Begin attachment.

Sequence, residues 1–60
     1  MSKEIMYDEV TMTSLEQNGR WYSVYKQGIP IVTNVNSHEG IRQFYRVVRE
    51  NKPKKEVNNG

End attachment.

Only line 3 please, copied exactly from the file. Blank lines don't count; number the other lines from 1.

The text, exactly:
    51  NKPKKEVNNG